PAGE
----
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L. A. Times Comes Out Supporting Online Poker And Gaming

L. A. Times Comes Out Supporting Online Poker And Gaming 0001

On June 9th, the highly respected American newspaper the Los Angeles Times issued perhaps the most high profile endorsement of the regulation and acceptance of online gaming and poker, rather than the course of action that state legislators and Congressmen in Washington, DC are currently undertaking.

In an editorial entitled "Don't Bet The House", the staff of the Times analyzes the current legislation on Capitol Hill and simply asks the question, "Doesn't the federal government have better things to do than try to block people from going online to make a wager on the Super Bowl or the Final Four?" The editorial continues on with a well thought out course of action that perhaps our representation in Washington would do well to consider.

The Times editorial staff points out that the legislators are looking to curb underage gaming, problem gamblers and attack the offshore sites that are unregulated by U. S. law. While they do give credit in a small manner to the elected officials on these counts, they also emphasize that they aren't doing anything regarding regulation of the horse racing industry online. Online racing wagering is something that Congress legislated to the states in 2000, which the Times points out is a "less than sincere" effort when it comes to the outlawing of online gaming and poker. The Times also states, "Isn't it a hallmark of a free society that we don't outlaw otherwise inoffensive vices simply because some people harm themselves?"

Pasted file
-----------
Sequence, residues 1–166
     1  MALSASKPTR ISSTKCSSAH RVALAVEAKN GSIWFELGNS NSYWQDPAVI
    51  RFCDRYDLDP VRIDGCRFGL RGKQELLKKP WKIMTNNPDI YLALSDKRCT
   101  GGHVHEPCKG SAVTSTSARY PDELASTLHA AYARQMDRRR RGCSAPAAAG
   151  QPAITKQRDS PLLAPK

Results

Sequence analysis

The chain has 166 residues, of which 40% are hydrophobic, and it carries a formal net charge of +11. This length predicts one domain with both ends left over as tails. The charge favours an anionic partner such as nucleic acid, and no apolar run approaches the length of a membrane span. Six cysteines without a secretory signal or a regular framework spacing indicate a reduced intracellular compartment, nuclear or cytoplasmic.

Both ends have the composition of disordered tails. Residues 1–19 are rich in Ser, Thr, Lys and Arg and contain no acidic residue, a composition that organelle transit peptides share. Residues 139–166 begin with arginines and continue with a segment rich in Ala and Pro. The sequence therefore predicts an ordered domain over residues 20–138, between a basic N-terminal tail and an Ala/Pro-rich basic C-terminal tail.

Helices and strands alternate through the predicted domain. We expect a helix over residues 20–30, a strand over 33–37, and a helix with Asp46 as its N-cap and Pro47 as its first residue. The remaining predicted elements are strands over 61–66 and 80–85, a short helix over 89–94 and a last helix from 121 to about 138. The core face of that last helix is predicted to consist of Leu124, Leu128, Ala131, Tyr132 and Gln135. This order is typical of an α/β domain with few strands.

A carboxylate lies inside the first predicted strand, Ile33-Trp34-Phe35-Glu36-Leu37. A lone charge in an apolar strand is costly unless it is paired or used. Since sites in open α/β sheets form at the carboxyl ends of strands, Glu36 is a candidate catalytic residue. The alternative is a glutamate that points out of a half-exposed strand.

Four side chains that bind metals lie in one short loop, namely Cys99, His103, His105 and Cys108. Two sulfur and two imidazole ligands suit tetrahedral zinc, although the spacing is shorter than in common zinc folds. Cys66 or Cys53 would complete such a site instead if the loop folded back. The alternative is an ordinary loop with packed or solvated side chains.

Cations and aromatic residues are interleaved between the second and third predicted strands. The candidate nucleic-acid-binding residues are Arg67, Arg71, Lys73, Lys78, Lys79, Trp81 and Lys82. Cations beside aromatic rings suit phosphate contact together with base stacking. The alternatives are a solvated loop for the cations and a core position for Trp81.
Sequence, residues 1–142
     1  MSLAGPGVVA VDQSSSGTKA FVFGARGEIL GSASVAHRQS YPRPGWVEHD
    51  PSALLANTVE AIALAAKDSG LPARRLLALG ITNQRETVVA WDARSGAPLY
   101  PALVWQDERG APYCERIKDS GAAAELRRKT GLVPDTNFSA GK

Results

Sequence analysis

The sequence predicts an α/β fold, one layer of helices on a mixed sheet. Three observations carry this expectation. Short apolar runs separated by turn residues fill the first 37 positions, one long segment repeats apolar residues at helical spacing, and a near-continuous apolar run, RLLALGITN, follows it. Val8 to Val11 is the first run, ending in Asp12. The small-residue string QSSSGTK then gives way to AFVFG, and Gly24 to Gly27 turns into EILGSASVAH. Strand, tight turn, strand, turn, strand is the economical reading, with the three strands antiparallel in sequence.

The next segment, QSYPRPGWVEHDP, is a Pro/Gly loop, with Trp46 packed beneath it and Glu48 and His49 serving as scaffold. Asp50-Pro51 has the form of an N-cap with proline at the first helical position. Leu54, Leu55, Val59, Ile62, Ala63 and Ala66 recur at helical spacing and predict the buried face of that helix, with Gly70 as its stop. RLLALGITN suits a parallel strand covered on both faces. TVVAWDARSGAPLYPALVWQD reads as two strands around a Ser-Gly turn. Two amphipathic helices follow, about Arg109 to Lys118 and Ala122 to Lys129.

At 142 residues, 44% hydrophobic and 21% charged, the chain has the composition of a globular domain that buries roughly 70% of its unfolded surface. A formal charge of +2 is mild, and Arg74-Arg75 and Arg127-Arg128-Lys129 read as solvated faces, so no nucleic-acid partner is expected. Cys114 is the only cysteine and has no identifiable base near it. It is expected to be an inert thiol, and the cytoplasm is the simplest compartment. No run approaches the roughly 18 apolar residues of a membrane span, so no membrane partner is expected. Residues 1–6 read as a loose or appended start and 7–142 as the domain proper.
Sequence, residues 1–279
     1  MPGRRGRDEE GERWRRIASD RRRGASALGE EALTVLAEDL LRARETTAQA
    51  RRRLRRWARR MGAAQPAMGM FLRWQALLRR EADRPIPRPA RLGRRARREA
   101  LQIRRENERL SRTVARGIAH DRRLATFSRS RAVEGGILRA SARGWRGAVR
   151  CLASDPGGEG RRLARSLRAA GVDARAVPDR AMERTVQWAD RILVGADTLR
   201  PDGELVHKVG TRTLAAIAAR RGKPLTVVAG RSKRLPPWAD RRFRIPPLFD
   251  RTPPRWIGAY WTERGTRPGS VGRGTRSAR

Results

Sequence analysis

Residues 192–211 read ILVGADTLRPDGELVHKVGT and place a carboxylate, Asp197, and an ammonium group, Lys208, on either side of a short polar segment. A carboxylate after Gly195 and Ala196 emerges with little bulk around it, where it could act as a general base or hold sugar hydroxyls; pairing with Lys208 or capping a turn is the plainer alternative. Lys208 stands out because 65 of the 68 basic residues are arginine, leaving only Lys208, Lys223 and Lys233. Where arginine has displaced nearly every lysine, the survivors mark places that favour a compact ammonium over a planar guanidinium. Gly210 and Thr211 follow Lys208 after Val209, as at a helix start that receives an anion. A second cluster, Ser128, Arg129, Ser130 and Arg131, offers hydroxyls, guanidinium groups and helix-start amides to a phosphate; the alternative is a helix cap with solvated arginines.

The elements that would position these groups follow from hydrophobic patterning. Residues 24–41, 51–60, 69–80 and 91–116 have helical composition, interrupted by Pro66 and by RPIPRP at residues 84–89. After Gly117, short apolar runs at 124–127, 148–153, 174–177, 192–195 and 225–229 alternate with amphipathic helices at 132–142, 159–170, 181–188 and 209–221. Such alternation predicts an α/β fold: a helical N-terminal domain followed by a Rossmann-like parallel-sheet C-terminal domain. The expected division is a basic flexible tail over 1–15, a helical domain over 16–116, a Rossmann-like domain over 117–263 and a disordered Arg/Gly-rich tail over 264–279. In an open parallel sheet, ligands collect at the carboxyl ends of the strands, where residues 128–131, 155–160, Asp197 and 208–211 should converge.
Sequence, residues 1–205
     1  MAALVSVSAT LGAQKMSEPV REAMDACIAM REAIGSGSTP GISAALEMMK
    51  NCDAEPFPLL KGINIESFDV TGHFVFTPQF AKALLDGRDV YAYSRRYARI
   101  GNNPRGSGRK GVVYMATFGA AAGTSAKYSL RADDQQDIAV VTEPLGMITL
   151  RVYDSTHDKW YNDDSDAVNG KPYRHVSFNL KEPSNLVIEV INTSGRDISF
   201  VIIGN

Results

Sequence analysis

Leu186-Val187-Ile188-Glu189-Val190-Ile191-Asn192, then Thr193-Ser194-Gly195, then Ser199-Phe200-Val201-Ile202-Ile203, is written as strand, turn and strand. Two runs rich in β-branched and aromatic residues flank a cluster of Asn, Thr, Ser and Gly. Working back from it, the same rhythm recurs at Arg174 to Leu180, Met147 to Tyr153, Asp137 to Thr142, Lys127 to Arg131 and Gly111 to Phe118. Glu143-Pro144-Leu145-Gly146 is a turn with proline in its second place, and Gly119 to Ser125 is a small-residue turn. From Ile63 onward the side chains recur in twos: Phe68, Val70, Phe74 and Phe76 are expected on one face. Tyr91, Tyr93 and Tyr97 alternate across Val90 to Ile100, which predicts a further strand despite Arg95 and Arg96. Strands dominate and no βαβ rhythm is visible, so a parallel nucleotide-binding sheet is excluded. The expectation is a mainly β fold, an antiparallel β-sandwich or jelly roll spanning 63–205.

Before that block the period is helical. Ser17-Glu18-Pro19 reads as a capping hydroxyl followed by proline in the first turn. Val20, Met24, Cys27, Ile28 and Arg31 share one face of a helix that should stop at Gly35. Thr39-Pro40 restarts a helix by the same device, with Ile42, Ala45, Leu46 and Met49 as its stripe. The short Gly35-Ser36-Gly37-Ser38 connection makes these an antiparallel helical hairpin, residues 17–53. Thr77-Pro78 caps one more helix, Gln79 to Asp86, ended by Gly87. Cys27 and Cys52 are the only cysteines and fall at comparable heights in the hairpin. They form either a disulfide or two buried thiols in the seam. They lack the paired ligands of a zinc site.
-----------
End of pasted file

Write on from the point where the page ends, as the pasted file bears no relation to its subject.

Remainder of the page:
The Times editorial staff comes out especially strongly on the factor that regulation and taxation of the $12 billion industry is the way to go. Through this course of action, the Times states, the federal government can receive a significant amount of funding and end their hypocrisy regarding allowing some forms of online gaming but not others. They also accurately point out that if American based casino operations were able to offer similar fare online, the protections for the players would be significant rather than their current gray area in the offshore world. As they end the editorial statement, the Times perhaps makes the most stinging statement when they say, "Moralistic members of Congress should not be allowed to thwart online freedoms."

Kudos must be extended to the Los Angeles Times for their forward thinking and well reasoned editorial. If other significant publications such as the Times expressed their sentiments regarding the online gaming and poker question in this manner, perhaps the federal government would see that they are missing the boat on the continuing worldwide growth of not only online poker but the gaming industry overall. As Congress is ending its sessions for the current year, it will be a situation that will be closely watched as this year and 2007 roll around. To read the full editorial from the Los Angeles Times, visit

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